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  1. #1

    Frakin' USA ticks me off!

    USA gets these kick arse shows like...

    The Shield
    The 4400

    Then they jack viewers over by kicking out 11-13 shows per episode!! That's half a season at best!

    Then they only have enough episodes to fill 3-4 months of programing, so these shows disappear for 8-9 months at a time!!!

    Grrrr, USA ticks me off.

    I can understand limited episodes for a new series, but after a show has proven itself, why limit the episodes. Cheap SOB's I hate them I hate them all, stupid executives.

    The Shield is on like season 6 and still we only get a half season of new shows coming up.

    The 4400 has proven itself and still we only get about a dozen new episodes!!!
    May the force be with you.

  2. #2
    i may be wrong since i don't have cable, but isn't the shield on FX?

  3. #3
    Ooops, you are correct. It's hard to remember, since it's been so long since it's been on!

    Frakin' USA and FX tick me off!
    May the force be with you.

  4. #4
    Quote Originally Posted by Darth Jax View Post
    i may be wrong since i don't have cable, but isn't the shield on FX?
    The Shield showed up in syndication this fall. It's airing on several different networks.

    I haven't caught any eps, other than FX, but I'm curious to know how much has been edited.

  5. #5
    USA does this with all their shows, they are cheap, the worst instances is waiting a year for new episodes of Monk, and last season of The Dead Zone was a year and a half after the previous and only 10 episodes long.
    Darth Vader is becoming the Mickey Mouse of Star Wars.

    "We named the dog 'Chewbacca'!"
    The use of a lightsaber does not make one a Jedi, it is the ability to not use it.

  6. #6
    I don't mind the short seasons. Usually they are on during the summer when everything else is reruns, so it gives me something to watch then. When they put them on at the same time as the network shows, I'm more likely to miss them.

    A lot of shows I like get cancelled early on, which is made even more frustrating by the fact that they are often continued shows. So, not only do I not get to see the show anymore, I'm left with an incomplete story and wondering what might have happened. A think a lot of shows like this might have a better chance for success if they were shorter seasons where all the episodes were guaranteed to run.

    Hasn't the BBC always done this sort of thing? Monty Python was three 13 episode seasons, and one 6 episode season. A college roommate had Red Dwarf episodes on tape and I think that at least the first season was only 6 episodes. Also, quality can sometimes be harder to maintain over the course of a 20+ episode season.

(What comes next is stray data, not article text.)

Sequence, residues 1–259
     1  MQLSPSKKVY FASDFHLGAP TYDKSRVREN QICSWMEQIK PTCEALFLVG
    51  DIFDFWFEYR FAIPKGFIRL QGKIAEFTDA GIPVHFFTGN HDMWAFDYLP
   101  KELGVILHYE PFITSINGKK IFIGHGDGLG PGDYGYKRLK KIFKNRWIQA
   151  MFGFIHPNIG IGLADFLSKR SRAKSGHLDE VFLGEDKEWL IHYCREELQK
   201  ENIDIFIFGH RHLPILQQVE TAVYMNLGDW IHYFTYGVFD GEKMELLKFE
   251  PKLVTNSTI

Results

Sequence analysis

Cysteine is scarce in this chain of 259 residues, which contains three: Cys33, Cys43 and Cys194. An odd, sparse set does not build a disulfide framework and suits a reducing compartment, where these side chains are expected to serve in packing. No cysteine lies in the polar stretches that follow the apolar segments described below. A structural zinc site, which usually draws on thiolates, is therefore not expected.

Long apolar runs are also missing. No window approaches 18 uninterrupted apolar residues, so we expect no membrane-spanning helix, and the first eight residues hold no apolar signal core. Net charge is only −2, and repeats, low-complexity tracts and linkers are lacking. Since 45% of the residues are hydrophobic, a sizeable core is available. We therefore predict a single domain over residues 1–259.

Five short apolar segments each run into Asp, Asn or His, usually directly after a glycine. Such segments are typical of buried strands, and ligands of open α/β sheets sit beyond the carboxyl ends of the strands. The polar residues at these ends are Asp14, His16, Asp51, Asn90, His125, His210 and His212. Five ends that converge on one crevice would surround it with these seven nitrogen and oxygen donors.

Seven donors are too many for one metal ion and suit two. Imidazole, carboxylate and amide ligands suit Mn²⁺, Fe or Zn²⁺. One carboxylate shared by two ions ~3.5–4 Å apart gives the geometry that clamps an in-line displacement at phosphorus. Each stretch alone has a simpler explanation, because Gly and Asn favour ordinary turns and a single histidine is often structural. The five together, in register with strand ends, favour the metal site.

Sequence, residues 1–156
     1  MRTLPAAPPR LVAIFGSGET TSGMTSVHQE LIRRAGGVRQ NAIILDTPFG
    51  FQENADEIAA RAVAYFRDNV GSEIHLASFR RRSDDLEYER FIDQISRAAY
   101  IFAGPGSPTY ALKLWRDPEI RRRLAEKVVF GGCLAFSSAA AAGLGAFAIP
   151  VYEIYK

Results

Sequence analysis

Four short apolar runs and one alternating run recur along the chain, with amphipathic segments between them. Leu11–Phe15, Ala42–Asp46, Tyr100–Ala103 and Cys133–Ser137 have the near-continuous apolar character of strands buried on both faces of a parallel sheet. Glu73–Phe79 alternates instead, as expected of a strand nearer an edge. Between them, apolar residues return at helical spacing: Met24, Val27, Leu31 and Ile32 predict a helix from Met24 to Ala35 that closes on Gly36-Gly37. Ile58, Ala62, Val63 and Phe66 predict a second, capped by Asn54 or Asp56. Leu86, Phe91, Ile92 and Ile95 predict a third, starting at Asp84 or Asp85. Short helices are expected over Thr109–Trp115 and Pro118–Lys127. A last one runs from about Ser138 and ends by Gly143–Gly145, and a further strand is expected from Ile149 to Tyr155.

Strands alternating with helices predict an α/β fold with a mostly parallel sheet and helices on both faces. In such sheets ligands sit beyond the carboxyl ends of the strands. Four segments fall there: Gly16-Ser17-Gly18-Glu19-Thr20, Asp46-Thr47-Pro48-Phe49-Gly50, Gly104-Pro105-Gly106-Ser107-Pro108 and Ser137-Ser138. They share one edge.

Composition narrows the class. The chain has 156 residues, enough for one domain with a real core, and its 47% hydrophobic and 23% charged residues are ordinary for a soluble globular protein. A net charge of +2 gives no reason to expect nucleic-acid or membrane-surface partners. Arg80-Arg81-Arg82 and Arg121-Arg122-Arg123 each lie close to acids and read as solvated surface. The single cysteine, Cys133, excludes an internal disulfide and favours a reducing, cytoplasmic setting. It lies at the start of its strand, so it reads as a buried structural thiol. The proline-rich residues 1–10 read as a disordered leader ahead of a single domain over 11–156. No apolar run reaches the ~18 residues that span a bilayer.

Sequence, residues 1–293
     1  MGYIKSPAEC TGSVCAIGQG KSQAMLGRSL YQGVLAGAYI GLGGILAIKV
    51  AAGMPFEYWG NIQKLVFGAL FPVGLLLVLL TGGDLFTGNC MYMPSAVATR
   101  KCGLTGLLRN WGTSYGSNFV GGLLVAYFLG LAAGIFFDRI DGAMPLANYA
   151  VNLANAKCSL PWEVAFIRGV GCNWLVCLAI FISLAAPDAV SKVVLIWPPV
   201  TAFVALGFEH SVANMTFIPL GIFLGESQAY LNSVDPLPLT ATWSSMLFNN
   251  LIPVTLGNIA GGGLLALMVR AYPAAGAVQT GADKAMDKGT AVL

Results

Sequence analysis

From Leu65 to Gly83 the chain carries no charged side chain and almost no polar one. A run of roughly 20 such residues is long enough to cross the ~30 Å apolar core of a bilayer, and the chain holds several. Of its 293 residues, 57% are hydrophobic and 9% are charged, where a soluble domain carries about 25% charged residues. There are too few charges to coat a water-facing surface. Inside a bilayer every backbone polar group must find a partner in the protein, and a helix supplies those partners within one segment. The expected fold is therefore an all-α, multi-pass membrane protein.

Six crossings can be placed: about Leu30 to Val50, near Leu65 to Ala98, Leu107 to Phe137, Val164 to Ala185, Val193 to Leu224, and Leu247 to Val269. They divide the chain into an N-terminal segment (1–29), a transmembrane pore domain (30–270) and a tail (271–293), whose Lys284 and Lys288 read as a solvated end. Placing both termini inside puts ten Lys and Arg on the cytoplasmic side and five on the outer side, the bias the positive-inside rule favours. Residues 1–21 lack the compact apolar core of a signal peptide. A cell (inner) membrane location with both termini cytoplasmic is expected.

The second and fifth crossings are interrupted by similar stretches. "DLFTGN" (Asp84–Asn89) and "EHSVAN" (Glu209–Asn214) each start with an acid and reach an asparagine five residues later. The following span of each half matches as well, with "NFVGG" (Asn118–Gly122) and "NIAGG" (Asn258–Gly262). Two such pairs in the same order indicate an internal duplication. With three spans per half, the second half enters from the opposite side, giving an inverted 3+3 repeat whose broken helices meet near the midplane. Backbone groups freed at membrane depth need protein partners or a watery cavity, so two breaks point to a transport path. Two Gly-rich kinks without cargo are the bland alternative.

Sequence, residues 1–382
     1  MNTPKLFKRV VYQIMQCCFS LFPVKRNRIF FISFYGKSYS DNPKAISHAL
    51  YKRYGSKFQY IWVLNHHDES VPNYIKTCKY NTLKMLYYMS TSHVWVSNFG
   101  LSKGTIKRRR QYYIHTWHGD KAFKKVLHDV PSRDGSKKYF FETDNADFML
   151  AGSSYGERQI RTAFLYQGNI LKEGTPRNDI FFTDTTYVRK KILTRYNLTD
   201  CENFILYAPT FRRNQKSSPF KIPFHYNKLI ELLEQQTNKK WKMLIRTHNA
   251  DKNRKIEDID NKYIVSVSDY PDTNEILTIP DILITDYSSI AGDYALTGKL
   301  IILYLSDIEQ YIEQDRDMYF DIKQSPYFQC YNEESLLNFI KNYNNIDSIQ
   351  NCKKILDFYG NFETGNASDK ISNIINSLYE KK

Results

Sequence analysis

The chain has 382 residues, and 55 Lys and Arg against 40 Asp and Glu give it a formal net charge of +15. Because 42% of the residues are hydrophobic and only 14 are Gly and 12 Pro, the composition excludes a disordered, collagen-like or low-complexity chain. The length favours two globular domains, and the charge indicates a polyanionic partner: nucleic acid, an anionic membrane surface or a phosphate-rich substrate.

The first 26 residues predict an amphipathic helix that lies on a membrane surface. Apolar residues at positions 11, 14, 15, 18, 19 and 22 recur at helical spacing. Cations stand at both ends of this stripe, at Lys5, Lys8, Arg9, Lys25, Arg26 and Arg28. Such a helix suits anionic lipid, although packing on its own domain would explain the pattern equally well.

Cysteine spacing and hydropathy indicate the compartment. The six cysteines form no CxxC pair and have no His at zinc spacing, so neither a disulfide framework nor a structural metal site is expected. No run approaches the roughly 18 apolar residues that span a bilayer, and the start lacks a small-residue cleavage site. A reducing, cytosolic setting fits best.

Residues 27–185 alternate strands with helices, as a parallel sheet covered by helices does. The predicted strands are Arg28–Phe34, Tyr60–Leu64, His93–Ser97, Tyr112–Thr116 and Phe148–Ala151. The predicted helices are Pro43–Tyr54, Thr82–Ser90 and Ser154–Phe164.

7. #7
    The BBC has a much smaller audience share and far fewer stations to air shows on, they did it with "Absolutely Fabulous" as well - ran 12 years, has only 36 episodes.

    What kills me about USA is I can understand short runs for shows just starting out, but popular shows that survive several years should get longer runs and shouldn't be put on the back burner for so long - even fans of the show forget about it after a while.
    Darth Vader is becoming the Mickey Mouse of Star Wars.

    "We named the dog 'Chewbacca'!"
    The use of a lightsaber does not make one a Jedi, it is the ability to not use it.

  8. #8
    I think one important thing to remember is that despite cable being in a larger percentage of homes these days, there are still people that don't get those stations. Even those that do have cable on average watch the broadcast networks more. The ratings on cable shows can't match the main networks. Also, a lot of those cable networks are owned by or have some connection with the broadcast networks. Having a longer season means there will be overlap with the regular network season, so they probably don't want to pit their hot cable shows up against the broadcast shows where there seems to be so much more competition. When you see broadcast shows that get pulled off the air quickly or moved around trying to find an audience, having another show to compete against won't help.

    More and more I am liking the cable strategy. Develop fewer shows on the air but aim for better quality. Show them more often to give people a chance to see them again if they missed them the first time. We are seeing that some with the broadcast networks as they often re-air pilots. Also, Saturday has become nothing but reruns.

  9. #9
    Here's the thing though, Network is airing less new shows, and they have larger and larger gaps between new show airings - the fall season has started later and later while ending earlier in the following year, there should be more time for them to put on programming without worrying about network counterprogramming. Also, cable has a mastery of niching while networks still try to aim for the middle ground.
    Darth Vader is becoming the Mickey Mouse of Star Wars.

    "We named the dog 'Chewbacca'!"
    The use of a lightsaber does not make one a Jedi, it is the ability to not use it.

  10. #10
    Well, all I know is that I'm watching something every night but Saturday, so if one of my cable favorites came back now, that would make it harder to keep up. As it is, I have to record Battlestar Galactica and Doctor Who on Friday. I think I may have missed some episodes of Monk and Dead Zone last year because I probably didn't realize they were on. There were some Monk reruns that I saw just before the season premiere that I hadn't seen before. That's one reason why I don't like to record stuff. I like having a break from TV, so I don't like using my usual non-TV time to catch up on tapes. So, I'll put it off and then not have room on my tape to record. Maybe I should upgrade my cable so that I can do the DVR thing

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